Grants Build Co-op Economy

A woman is served a meal by another at a community event
Dorchester Community Food Co-op members gather for a community event.

In September, Food Co-op Initiative announced grants to 10 new startup food co-ops. An additional four co-ops will receive scholarships for board and organizer training. All 14 awardees have demonstrated a focus on local economy, community building, and healthy food options to their communities.

 Food Co-op Initiative is a 501(c)3 nonprofit dedicated to building a support system for new food co-ops, particularly during the early stages before startups have access to capital. Our grants, free consultations, training, and extensive online library of educational resources have helped dozens of co-ops get their start since Food Co-op Initiative’s inception as the Food Co-op 500 partnership in 2005.

 Among those receiving funding this year is Capital City Food Co-op in Juneau, Alaska. Juneau residents began organizing in May 2012 to bring a co-op to their remote northern city, which is accessible only by boat or airplane. “People are individualistic here,“ says organizer Evelyn Rousso, “but the frontier sense of looking out for one’s neighbors is also a strong bond. Not many people could identify the Rochdale Principles, but openness to all, democracy, honest business practices, benefits to those who participate, cooperation with others, and the good of the community are all things that really do resonate here and are reflected in many, many ways in the daily life of our city.“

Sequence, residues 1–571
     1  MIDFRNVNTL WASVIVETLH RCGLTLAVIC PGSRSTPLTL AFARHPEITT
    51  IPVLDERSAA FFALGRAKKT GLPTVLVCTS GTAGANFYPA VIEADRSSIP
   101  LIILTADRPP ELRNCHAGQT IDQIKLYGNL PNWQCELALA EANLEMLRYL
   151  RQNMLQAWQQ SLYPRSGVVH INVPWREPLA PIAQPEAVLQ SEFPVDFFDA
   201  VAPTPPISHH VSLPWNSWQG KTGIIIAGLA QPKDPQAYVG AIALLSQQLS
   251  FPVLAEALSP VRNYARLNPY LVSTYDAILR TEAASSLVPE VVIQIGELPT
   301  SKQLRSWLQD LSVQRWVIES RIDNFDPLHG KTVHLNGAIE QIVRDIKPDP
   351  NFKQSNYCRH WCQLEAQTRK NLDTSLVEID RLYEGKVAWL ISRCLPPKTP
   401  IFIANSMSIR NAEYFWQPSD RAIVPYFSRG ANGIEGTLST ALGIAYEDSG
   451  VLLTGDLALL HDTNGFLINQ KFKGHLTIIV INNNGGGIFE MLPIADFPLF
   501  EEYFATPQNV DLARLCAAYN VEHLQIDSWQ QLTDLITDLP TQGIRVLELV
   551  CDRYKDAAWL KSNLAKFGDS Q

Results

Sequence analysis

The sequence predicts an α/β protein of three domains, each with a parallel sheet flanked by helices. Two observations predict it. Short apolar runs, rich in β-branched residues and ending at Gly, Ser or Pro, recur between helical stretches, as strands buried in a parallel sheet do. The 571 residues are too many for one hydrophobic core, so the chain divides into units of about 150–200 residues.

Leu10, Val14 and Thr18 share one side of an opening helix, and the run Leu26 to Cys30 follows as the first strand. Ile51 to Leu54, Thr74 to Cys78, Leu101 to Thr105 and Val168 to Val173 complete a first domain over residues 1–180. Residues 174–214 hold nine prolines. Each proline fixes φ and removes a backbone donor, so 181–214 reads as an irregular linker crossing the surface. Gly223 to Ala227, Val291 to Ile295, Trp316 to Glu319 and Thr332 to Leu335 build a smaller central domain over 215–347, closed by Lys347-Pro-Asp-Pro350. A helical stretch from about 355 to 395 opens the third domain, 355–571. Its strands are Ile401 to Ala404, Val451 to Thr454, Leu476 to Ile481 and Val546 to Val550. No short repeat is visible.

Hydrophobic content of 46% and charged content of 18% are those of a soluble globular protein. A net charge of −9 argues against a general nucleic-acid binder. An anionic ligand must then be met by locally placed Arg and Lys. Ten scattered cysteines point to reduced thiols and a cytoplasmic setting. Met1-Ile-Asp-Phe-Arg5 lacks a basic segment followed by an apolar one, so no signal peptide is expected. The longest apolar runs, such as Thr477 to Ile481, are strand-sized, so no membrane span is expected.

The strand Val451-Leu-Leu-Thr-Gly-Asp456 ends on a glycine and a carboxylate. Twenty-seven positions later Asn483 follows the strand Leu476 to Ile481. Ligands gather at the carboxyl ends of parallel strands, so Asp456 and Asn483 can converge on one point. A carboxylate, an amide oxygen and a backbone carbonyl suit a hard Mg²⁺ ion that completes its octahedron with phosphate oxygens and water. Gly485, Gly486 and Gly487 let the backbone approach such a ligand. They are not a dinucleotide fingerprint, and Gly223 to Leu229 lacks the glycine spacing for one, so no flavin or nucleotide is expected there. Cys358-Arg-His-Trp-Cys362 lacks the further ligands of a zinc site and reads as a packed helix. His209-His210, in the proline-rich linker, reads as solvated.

Another grantee is Dorchester Community Food Co-op, located in one of Boston’s largest and most diverse neighborhoods. More than just a grocery store, in the words of organizer Jenny Silverman, “Dorchester will be a community and worker-owned market and food hub that provides economic opportunity; healthy, affordable food accessl and education around healthy food choices.“ The Dorchester Community Food Co-op hopes to be part of a network of social enterprises that reinvigorates their inner-city commercial district.

 This is the second round of grants distributed by Food Co-op Initiative since it incorporated as a 501(c)3 nonprofit. In 2011, $100,000 was awarded to 14 rural co-ops. This year, both rural and urban co-ops were eligible, and $50,000 was awarded in each category. However, Food Co-op Initiative Executive Director Stuart Reid says the financial support is only part of the package. “More important is the one-on-one mentoring we give our grantees. Along with regular contact through email and telephone, Food Co-op Initiative development specialists will make personal visits to each startup to provide educational workshops and organizational support.“  

Food Co-op Initiatives grants are funded in part by USDA Rural Development and Blooming Prairie Foundation. 

 

 

2012 Seed Grant recipients

Capital City Food Co-op (Juneau, Alaska)

Detroit Black Community Food Security Network (Detroit, Mich.)

Dorchester Community Food Co-op (Boston, Mass.)

Fuquay-Varina Community Market (Fuquay-Varina, N.C.)

Gateway Food Co-op (St. Paul, Minn.)

Granite City Co-op (Barre, Vt.)

Green Top Grocery (Bloomington, Ill.)

Hub City Co-op (Spartanburg, S.C.)

Many Hands Food Co-op
(Binghamton, N.Y.)

Wasatch Cooperative Market
(Salt Lake City, Utah)

2012 scholarship recipients

Deerfield Community Co-op
(Deerfield, Wis.)

Ellensburg Food Co-op (Ellensburg, Wash.)

Hudson Grocery Cooperative
(Hudson, Wis.)

Local Roots Food Co-op (Buffalo, Minn.)

See other articles from this issue: #163 November-December 2012
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